How do you want to be remembered?

I want to be remembered as someone who inspired confidence among the youth to be better than themselves.

What advice could you give to youth of Uganda today?

We are a blessed group of people who should spend our knowledge finding solutions to our everyday problems.

Any last words?

Thanks a lot for giving me this opportunity, to share my experience. Am deeply honoured and may God guide you in everything that you do.



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  1. Suubi Susan

    April 30, 2015 at 4:12 am

    Ebal Brownie & Ameso Angella
    may the Almighty Lord bless the work you do.
    Its awesome

  2. emmanuel obong

    April 30, 2015 at 5:22 pm

    i appreciate all the effort you are putting to make this world a better place for those young girls and boys may the Lord reward you aboundantly.

  3. Anonymous

    May 1, 2015 at 6:30 am

    I am proud of you Brownie, the extra step put of the ordinary you took is amazing. Keep up the good work

  4. Akol Adrian Neville

    May 1, 2015 at 6:33 am

    I am proud of you Brownie, the extra step out of the ordinary is amazing. Children will always remain the future that needs to be modeled now. Keep up the good work my dear.

  5. Seremba Claire

    May 2, 2015 at 8:50 pm

    Totally a step in right direction and truly inspiring!!

  6. mwesigye siryebo

    May 3, 2015 at 5:34 pm

    Thank you for the great work you do, am also looking forward to do something that may help the children.

  7. Anonymous

    May 5, 2015 at 1:50 pm

    Keep it up Brownie….i love the courage in u. U inspires me alot.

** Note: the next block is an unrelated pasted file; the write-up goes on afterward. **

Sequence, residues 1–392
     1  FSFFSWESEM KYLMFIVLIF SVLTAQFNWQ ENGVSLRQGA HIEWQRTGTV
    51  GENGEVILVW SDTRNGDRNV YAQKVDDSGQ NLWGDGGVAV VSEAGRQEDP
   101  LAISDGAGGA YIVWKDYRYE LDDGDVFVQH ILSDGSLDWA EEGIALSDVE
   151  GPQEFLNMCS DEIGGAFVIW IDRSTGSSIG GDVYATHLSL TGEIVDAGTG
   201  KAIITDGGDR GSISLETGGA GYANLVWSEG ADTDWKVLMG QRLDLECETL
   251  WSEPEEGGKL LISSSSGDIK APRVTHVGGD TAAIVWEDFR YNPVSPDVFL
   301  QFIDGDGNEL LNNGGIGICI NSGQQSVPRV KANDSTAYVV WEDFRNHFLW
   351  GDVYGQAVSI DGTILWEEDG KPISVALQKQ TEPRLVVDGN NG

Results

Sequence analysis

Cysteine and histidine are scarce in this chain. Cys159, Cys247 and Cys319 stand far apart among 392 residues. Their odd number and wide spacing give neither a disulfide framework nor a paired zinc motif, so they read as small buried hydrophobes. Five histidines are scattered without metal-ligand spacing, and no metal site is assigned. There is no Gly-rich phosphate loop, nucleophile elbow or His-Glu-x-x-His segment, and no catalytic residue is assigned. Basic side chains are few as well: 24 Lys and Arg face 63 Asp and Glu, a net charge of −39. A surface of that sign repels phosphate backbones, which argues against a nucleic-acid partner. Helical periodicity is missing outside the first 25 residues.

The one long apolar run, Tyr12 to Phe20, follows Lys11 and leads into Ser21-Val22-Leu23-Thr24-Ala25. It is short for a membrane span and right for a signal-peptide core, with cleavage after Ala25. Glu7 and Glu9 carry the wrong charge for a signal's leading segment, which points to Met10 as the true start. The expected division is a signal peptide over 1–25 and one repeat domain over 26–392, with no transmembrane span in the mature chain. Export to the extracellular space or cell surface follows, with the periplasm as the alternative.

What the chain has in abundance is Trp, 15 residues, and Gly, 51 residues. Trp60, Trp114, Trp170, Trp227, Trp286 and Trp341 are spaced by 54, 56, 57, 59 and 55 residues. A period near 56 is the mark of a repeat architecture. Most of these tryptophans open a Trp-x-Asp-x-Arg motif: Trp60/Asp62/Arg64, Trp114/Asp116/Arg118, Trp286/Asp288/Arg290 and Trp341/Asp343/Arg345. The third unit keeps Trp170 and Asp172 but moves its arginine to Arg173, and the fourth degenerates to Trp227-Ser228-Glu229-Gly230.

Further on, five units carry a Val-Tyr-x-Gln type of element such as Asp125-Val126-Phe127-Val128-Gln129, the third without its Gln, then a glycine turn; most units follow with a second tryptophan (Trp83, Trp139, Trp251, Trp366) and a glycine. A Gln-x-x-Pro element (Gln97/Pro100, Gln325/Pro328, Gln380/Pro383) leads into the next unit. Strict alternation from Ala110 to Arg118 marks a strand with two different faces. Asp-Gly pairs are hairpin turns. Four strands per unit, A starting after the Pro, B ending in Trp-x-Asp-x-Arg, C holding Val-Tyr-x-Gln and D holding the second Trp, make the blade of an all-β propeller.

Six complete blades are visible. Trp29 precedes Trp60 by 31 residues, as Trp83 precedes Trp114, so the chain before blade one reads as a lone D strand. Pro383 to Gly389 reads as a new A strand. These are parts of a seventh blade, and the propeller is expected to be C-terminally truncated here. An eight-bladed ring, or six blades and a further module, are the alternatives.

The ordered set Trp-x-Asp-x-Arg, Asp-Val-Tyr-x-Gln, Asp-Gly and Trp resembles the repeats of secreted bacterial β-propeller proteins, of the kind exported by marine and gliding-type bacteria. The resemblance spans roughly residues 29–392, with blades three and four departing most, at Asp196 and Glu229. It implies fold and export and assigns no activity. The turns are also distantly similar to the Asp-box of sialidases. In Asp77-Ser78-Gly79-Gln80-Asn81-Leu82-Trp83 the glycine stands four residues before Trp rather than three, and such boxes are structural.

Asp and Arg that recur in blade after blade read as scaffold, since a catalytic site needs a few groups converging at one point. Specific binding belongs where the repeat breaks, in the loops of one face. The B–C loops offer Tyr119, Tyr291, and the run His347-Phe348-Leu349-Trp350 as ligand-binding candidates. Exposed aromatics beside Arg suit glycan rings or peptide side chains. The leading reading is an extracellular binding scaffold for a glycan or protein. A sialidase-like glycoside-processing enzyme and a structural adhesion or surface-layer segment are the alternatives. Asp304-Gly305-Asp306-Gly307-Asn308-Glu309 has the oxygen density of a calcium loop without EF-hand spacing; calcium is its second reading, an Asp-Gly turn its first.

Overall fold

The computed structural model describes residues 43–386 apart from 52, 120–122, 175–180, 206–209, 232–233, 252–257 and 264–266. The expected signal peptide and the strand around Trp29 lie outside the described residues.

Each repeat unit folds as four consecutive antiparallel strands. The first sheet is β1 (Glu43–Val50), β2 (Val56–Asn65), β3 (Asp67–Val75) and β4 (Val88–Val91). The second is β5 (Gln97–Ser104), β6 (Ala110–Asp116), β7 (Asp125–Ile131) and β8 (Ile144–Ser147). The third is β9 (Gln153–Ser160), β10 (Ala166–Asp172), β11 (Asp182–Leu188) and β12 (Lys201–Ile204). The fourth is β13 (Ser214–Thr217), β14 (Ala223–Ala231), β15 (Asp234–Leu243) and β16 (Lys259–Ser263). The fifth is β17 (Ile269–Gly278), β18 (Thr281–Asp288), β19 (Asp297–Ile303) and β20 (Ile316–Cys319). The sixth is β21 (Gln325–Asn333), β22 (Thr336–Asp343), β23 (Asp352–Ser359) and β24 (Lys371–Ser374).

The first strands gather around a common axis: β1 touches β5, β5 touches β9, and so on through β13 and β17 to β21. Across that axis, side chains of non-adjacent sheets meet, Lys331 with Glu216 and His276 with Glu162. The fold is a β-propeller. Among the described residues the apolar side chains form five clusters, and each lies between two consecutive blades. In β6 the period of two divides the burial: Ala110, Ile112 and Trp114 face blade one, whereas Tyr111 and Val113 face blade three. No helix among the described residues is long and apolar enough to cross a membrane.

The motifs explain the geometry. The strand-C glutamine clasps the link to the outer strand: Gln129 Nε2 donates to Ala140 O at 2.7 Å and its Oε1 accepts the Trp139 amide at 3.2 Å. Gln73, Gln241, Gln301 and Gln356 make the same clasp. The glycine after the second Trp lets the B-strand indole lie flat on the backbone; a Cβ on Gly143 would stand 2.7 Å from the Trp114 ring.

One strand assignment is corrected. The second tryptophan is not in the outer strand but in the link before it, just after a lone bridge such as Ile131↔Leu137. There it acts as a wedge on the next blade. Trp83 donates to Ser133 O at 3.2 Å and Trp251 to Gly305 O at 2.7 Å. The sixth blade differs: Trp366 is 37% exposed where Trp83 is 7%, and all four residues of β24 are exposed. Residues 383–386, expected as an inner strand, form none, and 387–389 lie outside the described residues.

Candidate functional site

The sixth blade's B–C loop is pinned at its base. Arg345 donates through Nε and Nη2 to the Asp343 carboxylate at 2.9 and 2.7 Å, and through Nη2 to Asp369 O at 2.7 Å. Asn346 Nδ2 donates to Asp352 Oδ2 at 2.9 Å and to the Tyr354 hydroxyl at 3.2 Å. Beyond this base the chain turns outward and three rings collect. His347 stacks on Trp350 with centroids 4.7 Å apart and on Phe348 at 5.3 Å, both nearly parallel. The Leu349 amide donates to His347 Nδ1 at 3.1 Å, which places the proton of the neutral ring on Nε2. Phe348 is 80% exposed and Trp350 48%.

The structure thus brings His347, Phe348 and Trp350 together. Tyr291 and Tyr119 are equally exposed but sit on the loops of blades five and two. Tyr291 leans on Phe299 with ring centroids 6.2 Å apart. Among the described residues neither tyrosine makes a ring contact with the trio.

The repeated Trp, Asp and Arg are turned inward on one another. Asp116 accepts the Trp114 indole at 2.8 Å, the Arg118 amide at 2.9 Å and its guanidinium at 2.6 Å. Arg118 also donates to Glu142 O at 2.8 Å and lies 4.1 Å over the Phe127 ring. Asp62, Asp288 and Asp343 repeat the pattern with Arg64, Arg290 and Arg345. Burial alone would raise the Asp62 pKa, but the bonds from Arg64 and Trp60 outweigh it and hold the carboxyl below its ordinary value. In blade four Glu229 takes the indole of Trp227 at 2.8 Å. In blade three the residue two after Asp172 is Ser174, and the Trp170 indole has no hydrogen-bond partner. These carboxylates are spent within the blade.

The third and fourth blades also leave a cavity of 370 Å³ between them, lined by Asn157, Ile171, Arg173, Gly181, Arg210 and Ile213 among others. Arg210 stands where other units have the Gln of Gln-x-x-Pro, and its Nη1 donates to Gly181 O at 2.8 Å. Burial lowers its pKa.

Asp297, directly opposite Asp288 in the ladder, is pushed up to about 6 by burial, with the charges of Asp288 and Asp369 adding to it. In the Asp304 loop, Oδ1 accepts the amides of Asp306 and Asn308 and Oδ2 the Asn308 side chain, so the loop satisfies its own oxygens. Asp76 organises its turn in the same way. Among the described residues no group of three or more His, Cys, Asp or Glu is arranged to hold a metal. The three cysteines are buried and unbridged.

8. Anonymous

    May 7, 2015 at 7:14 pm


  9. Anonymous

    July 21, 2015 at 1:07 pm

    I can work with you. Thanks for being passionate about helping kids

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How This Group of Young Men is Creating Employment Through Art and Craft


A group of 6 youths in Makindye has embarked on a life changing journey, turning their passions and skills into a profitable business.

After attending a crafts exhibition at the National Theatre in 2015, these friends were inspired by the attractive crafts on display to start their own workshop making and selling crafts.

“We talked to Mr. Muwembo, the craftsman who was showcasing his work. He offered to give us training as we worked for him. His workshop was in Kanyanya so we used to come from Makindye every day to Kanyanya. It took us over a year to master how wood craft is done,” said Mark.

While at this apprenticeship, these young men started making their own pieces which they sold, using the profit to purchase their own equipment.